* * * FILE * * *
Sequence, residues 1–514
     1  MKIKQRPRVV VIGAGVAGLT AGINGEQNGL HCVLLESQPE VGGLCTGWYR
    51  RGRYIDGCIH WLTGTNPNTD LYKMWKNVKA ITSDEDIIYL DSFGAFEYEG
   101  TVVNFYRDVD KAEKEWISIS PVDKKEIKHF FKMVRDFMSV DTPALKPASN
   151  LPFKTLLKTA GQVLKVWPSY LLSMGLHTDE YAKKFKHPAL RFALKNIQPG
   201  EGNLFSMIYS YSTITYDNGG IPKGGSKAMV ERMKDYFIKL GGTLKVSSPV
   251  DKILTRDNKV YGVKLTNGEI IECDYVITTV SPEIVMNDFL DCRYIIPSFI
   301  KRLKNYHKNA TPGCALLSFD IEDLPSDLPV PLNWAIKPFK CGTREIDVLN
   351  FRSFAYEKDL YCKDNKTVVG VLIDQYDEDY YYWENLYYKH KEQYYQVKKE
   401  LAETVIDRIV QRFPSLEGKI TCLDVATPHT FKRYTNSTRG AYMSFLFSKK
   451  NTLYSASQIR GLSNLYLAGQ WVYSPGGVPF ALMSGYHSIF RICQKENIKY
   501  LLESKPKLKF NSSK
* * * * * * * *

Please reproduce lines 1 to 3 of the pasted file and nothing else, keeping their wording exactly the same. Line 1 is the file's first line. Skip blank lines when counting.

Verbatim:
Sequence, residues 1–514
     1  MKIKQRPRVV VIGAGVAGLT AGINGEQNGL HCVLLESQPE VGGLCTGWYR
    51  RGRYIDGCIH WLTGTNPNTD LYKMWKNVKA ITSDEDIIYL DSFGAFEYEG